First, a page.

As for automation: yes, it works in producing mass-produced goods, but skilled labor is required to reprogram the robots, maintain them, assemble them, etc. Though the factory floor may have few people present, there is a long supply chain behind the automation that supports multiple levels of value-added labor and manufacturing.
It’s not just moving the assembly offshore, it’s moving the entire value-added chain that feeds it.
As my friend G.F.B. recently noted, the initial invention that is the obsession of America and supposedly its great advantage in the global marketplace leaves off the real value-added proposition, which is the development of the later models and iterations.
Place the production elsewhere and keep the design staff in the home nation is an excellent way to lose the design of the actual parts and workflow–the real value added. Apple has been able to keep ahead of competitors by integrating software that is difficult to copy into hardware, but it not the typical case, it is the outlier, hence its outsized value.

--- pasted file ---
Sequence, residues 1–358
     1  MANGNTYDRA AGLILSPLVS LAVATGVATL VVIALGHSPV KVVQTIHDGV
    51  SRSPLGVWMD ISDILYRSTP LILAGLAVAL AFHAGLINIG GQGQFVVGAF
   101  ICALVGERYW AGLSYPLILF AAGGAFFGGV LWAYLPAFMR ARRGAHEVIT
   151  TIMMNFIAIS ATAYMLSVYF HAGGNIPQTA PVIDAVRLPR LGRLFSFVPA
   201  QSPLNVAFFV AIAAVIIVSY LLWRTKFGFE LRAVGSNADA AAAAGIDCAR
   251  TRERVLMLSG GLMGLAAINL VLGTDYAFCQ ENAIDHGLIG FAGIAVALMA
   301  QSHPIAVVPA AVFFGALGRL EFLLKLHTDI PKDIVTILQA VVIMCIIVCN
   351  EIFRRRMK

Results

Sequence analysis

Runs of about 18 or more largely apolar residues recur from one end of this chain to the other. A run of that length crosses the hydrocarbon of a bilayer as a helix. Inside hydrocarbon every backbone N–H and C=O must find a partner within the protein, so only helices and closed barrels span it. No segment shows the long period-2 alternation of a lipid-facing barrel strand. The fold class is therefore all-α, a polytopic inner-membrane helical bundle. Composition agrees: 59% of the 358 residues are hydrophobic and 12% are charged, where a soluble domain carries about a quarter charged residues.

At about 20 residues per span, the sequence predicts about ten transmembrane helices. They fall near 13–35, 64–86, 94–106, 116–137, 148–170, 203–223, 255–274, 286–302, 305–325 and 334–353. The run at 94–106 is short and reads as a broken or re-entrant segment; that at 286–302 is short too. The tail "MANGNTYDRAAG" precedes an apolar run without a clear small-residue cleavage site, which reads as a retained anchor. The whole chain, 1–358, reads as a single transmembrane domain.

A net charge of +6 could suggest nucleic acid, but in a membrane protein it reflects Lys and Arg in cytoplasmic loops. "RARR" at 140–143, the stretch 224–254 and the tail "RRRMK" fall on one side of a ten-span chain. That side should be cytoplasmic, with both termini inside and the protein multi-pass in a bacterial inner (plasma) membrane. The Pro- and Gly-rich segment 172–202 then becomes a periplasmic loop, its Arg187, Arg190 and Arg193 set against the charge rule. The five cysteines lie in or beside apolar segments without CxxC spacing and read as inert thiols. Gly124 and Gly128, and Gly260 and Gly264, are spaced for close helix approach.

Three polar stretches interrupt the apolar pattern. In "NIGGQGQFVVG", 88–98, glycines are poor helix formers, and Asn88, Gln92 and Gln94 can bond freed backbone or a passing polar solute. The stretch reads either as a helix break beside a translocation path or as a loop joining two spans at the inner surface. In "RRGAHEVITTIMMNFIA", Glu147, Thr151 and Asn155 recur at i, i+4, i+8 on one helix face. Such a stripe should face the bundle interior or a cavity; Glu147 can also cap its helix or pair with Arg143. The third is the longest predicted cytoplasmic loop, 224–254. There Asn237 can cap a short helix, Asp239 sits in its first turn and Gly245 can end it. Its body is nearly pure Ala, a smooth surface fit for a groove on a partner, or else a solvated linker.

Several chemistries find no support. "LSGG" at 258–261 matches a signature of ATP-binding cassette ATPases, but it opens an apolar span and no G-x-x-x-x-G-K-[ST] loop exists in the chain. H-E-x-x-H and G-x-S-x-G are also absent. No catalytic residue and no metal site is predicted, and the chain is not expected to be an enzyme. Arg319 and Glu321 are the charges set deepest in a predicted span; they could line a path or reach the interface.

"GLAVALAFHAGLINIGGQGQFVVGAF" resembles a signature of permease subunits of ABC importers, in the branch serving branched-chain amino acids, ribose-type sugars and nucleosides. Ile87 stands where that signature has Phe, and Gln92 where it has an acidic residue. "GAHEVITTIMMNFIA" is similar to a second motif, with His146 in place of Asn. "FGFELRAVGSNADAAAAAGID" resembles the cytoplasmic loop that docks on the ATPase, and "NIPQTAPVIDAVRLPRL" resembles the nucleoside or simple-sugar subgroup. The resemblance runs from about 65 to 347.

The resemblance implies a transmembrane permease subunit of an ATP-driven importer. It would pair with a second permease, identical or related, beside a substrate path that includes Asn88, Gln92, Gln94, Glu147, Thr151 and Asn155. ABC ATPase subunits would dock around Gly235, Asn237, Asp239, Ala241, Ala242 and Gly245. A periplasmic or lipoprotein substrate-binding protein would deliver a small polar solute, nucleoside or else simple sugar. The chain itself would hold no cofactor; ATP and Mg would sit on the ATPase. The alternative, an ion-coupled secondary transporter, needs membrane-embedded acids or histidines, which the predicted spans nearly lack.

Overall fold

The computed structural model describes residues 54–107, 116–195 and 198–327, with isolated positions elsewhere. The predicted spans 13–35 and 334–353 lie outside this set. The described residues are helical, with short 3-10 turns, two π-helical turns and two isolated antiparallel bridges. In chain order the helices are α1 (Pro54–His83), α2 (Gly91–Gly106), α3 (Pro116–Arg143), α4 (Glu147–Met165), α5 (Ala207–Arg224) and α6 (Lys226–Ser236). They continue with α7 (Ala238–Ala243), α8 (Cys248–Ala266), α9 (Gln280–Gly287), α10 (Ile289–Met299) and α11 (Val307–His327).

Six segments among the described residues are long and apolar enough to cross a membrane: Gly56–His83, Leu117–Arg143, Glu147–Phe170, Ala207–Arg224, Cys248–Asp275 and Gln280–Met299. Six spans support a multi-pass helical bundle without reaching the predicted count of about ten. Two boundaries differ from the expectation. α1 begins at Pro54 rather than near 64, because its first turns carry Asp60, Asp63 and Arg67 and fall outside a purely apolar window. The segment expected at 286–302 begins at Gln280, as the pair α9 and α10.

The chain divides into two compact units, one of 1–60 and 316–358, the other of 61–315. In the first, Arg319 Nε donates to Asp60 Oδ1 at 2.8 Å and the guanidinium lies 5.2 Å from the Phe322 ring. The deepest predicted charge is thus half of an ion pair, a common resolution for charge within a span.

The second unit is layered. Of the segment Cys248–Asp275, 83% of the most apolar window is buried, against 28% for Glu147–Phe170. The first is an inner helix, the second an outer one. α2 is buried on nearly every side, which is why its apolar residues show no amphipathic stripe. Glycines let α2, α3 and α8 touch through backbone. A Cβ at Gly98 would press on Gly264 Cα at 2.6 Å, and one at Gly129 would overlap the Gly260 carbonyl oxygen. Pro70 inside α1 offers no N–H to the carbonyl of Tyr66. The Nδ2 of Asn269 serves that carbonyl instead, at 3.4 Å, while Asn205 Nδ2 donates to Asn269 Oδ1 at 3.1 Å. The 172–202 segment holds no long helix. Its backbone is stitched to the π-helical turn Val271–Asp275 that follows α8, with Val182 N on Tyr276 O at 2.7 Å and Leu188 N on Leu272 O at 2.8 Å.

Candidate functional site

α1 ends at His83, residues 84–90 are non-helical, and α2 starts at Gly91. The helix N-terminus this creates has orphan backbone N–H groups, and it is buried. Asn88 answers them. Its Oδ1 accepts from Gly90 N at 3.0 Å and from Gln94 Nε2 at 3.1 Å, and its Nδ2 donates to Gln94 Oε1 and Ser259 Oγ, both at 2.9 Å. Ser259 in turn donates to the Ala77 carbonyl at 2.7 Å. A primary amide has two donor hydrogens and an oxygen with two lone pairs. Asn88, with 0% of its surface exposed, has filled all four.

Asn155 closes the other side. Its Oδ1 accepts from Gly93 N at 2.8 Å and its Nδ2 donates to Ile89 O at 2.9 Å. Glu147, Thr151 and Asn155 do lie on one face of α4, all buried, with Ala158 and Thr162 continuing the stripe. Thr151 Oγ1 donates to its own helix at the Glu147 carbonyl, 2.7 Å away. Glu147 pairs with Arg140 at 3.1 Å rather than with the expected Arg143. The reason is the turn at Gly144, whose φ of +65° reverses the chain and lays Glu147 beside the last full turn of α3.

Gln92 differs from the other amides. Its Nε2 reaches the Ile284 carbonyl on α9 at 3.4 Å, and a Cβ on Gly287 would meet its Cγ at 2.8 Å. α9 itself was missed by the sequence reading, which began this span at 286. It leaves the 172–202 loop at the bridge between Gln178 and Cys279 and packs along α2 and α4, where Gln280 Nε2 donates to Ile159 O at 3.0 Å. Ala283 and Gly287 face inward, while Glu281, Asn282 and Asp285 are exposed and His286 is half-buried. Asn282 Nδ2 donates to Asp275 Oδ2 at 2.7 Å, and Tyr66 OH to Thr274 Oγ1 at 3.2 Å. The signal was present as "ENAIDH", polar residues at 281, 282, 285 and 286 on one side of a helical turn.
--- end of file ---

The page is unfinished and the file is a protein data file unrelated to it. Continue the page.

As I repeatedly point out, Apple, Google, Facebook and Twitter together have relatively few domestic employees. As production is overseas, then that’s where the design jobs go, too, eventually.
You have to understand the entire value chain, not just the assembly costs.
The U.S. culture denigrates skilled labor and glorifies the C.E.O. and innovator as god-like heroes. Other nations, notably Germany, maintain a value and education system which recognizes and nurtures technical skills. In the U.S., we fawn over social media companies that generate billions in new wealth for Wall Street and a handful of founders and venture capitalists, and drill into every student’s head the value not of tradecraft skills but of a four-year business degree.